I have a squirrel problem. My family and I have been putting a lot of time and effort into our back yard. It was a trouble spot for us, with a slope that caused water to pool in our patio, threatening to start seeping into our dining room. So a couple months ago we had a landscaping company come in and level it for us, removing a tree and adding topsoil and grass seed to make it a bit more livable. Once the grass started coming in I decided it would be nice to attract some colorful birds to the area, so I bought a pole with a couple shepherd’s hooks and added two bird feeders and a bird bath right in the center of the back yard.
It took the neighborhood squirrels less than a day to discover it, but I thought since it was a slick metal pole they would have a hard time getting to the feeders. And at first, that was true. It was comical to see them leap onto the pole and slowly slide down. Eventually, though, they figured it out and in no time there was a bushy squirrel tail squatting on the top of the pole chowing on my expensive bird seed.
So I went to my local Tractor Supply and bought a squirrel shield. This is basically a metal cone that mounts on the rod to prevent the critters from shimmying up the pole. It worked very well for about two days, then one morning I glanced outside and saw that bushy tail on the feeder again. After a few hours of watching, I finally determined how the little guy was reaching it. One of the squirrels – and I think it was only one – had figured out that if he climbed high enough in the orange tree adjacent to the feeder pole, he could make a huge leap and crash right into the top of the feeder, hanging on for dear life and reaping a reward of fresh bird seed.
There wasn’t much I could do about that, because I wanted to be able to see the birds through my patio doors, and moving the tree was impossible. So I went searching for another means of prevention. At the Tractor Supply store they sell a packet of capsaicin dust that can be mixed with the bird seed. This doesn’t bother the birds, but for a mammal like a squirrel it would be like unexpectedly biting into a habanero pepper. But that seemed a bit cruel, and honestly the initiative and creative thought the critters had put into reaching a nice meal was a bit inspiring. And I thought that if I did add the hot peppers, one morning I’d simply see a bunch of squirrels wearing little sombreros, drinking cerveza and celebrating Cinco de Mayo while munching on the spicy bird seed!
There was a solution, which I’ll share shortly.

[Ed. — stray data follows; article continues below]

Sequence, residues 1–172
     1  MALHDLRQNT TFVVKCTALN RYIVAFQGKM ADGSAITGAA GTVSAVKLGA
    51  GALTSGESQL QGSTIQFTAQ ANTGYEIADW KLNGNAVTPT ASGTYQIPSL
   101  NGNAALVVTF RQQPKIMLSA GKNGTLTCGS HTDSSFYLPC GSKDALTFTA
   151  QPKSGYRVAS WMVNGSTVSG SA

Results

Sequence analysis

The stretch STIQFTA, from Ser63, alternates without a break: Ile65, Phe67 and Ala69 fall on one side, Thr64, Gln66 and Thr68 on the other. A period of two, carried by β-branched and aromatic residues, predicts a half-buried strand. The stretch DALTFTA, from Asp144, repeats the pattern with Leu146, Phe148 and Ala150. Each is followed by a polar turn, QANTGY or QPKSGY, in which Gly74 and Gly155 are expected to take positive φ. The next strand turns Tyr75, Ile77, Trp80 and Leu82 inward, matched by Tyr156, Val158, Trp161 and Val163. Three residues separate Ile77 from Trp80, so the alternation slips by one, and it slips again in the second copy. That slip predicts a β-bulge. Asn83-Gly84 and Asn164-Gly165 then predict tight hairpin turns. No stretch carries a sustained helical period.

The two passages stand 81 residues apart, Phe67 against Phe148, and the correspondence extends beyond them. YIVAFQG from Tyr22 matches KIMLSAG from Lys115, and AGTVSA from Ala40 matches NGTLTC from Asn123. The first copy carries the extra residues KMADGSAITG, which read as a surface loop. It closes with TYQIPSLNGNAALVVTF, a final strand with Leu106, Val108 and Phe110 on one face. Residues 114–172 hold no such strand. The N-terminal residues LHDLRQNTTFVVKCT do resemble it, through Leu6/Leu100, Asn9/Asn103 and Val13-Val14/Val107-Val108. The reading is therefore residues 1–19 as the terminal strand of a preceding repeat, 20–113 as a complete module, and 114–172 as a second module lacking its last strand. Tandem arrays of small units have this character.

It’s an interesting story, but what does it really have to do with anything? Well, as I watched these squirrels I realized as a group they correlated well with the employees we manage. Over the years I’ve had the opportunity to manage a lot of people, and I’ve seen all kinds of personality tests, maps, and types. But I think it really boils down to four things.
Like the one squirrel who took the time to puzzle things out, I’ve had employees who were innovators and creative thinkers. They would take whatever time necessary to approach a problem from a number of different perspectives, and they just knew that they would eventually figure it out. And they usually did, though in some cases I’ve had to put on a manager’s hat and tell them to move on. Often this person takes on a leadership role within the team, and others use them as subject matter experts and seek them out for help when faced with a perplexing issue.
Some squirrels just sit and watch what the innovative, ‘leader’ squirrel is doing, and eventually just follow along in its footsteps. They’ll follow the leader to the higher branches, but just can’t bring themselves to go all the way and make the final leap. I’ve had employees who were solid, productive, even above-average performers who worked well with the team, but were reluctant to show initiative or actively looking for a better solution to a problem. They will often watch the leader, or use him/her as a resource, but will rarely take the time to make the leap and try to puzzle things out for themselves.
Other squirrels don’t care to go out of their way to figure anything out. They know that the feed will be shaken loose whenever the leader crashes into the feeder, or when birds are digging around for a morsel and knock seeds loose. They sit on the ground below the feeder and pick up the stuff as it falls. This is your employee who comes into work, does the job, and leaves for the day. They don’t put anything more into the work than they need to, they don’t really aspire to be anything more than what they’ve done yesterday or are doing today. They can be good, average emloyees, but you can’t really count on them to do more than just what it takes to get by.
Finally, there were a few squirrels who gave a half-hearted leap at the pole, slid down, and then just sat on the ground looked dejected. Eventually, they wandered off, looking for easy pickings somewhere else. Occasionally, you’ll have an employee like this. They put only a half-hearted effort into doing the job, and are regularly in need to coaching and improvement. With help, sometimes this type can be pushed into a routine, though often they either leave on their own or are managed out.
So to sum up, the four types:
- Routine worker
Would you add to this list? Change anything?
And how did I ultimately solve my squirrel problem? I gave up and bought a squirrel feeder and mounted it well away from the bird feeders. That won’t stop the leaders, but it should reduce the amount of bird seed I have to buy!